1

Chips and Dip

You've probably heard that the chips are down for big carmakers, and that the global shortage of computer chips is threatening slowdowns for major tech companies like Apple and Samsung. But in an era when so many of our products require chips to function, the impact of the shortage is difficult to fully process (especially without processors). "Semiconductors are the brains behind most modern electronics, from computers and cellphones to smart toasters and washing machines ... Increasingly, however, semiconductors are enabling high-tech solutions to low-tech problems, such as vacuuming a carpet or cleaning a litter box. Chip-enabled lightbulbs and thermostats can be turned on and off over a WiFi connection." I'm not proud of it, but my litter box has WiFi. Now my dogs could be impacted as well. WaPo: How the global chip shortage might affect people who just want to wash their dogs. Chips, uh, oy.

2

The Best Laden Plans

"I knew that bin Laden was about 6-foot-4. I saw some young SEALS standing neaby and I said: 'Hey son, how tall are you?' He said, 'Sir, I'm 6' 2.' I say, 'I need you to lie down here.' He immediately understood what I was trying to do. The remains were a couple of inches longer." ... "The president at the moment quipped to Bill McRaven, You just blew up a $65 million helicopter and you don't have enough money to buy a tape measure?'" A decade after the raid that killed Osama Bin Laden, Garrett M. Graff collects an amazing oral history of how the plan unfolded. "I'd Never Been Involved in Anything as Secret as This."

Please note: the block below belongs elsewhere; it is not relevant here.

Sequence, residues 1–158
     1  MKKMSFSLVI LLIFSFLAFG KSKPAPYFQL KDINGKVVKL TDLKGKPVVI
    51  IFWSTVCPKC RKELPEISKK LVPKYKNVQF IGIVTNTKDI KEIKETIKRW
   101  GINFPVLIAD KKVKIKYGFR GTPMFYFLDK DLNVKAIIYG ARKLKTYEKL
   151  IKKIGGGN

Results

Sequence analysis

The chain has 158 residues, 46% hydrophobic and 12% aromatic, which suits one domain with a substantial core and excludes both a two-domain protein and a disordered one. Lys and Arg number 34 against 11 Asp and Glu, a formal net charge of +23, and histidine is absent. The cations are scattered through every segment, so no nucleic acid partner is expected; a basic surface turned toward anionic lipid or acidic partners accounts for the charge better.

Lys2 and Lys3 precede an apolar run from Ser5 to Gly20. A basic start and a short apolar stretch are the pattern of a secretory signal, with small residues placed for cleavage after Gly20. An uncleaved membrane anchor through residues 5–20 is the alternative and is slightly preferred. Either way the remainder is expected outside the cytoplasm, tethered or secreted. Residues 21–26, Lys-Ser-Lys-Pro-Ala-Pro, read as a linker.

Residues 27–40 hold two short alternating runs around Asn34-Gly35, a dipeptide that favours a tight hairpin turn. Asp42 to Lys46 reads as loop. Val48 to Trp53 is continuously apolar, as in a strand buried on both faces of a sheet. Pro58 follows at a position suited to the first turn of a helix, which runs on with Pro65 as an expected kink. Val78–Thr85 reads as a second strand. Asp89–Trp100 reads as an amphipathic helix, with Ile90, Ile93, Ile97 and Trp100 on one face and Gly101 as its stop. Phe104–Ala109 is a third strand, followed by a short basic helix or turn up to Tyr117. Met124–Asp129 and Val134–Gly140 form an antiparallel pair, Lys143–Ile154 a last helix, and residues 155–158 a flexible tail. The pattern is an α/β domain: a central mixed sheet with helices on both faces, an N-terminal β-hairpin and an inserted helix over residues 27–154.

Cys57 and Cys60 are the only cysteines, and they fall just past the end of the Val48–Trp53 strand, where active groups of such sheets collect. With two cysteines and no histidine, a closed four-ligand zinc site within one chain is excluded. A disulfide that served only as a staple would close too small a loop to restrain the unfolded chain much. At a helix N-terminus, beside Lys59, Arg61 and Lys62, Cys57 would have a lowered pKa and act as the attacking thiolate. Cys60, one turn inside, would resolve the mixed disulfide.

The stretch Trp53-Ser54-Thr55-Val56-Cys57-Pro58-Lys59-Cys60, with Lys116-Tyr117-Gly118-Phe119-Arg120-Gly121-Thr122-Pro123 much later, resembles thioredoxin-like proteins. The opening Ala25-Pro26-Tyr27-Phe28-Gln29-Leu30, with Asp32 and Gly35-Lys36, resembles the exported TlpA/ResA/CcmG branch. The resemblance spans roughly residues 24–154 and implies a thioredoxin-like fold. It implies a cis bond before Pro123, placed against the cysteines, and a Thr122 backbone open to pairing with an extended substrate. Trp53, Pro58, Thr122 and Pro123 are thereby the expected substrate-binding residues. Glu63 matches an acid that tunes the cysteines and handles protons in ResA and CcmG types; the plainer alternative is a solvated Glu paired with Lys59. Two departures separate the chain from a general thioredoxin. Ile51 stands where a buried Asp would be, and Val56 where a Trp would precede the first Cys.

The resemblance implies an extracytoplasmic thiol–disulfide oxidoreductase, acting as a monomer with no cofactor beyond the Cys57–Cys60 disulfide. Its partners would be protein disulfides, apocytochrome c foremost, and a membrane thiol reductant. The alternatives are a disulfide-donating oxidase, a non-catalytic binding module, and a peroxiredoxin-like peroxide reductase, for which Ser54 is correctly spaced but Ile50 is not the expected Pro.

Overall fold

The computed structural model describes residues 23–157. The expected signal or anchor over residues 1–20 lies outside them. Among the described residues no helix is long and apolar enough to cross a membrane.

3

Hey Hey, I Saved the World Today

"The debate has reignited decades-old tensions in global health, pitting such influential figures as Pope Francis, who backs the patent-waiver proposal, against philanthropist Bill Gates, who's opposed. It has also challenged U.S. officials who have prioritized this nation's coronavirus response but know that the virus's continued spread and mutation overseas will eventually pose risks to Americans." WaPo: White House is split over how to vaccinate the world.

+ "The only realistic way to accelerate vaccination elsewhere in the world is to expand vaccine manufacturing, and it turns out that the U.S. has a unique ability to make this happen." Tom Frieden and Marine Buissonnière: The U.S. Has the Power to Tamp Down Coronavirus Variants — If We're Willing to Use It. (This is about ethics and self-preservation and economics. But it's also about diplomacy. We've lost a ton of world leadership credibility during the 21st century. This is a chance to win some of it back.)

4

Deal with the Devil

"It would set a terrible precedent. If the Sacklers are allowed to use bankruptcy to escape the consequences of their actions, it would be a roadmap for other powerful bad actors." NPR: 24 States Mount Legal Fight To Block Sackler Bid For Opioid Immunity. "A negotiated settlement could preempt years of costly litigation — the Sacklers deny any wrongdoing — and might accelerate financial aid to communities struggling to recover from an opioid epidemic that has already cost more than 450,000 lives." (How do you give a deal to a company behind a product that killed 450,000 people? Imagine knowingly releasing Covid-19, seeing its death toll, and then responding by releasing more, over and over. That's the opiate crisis.)

5

The Boring 20s?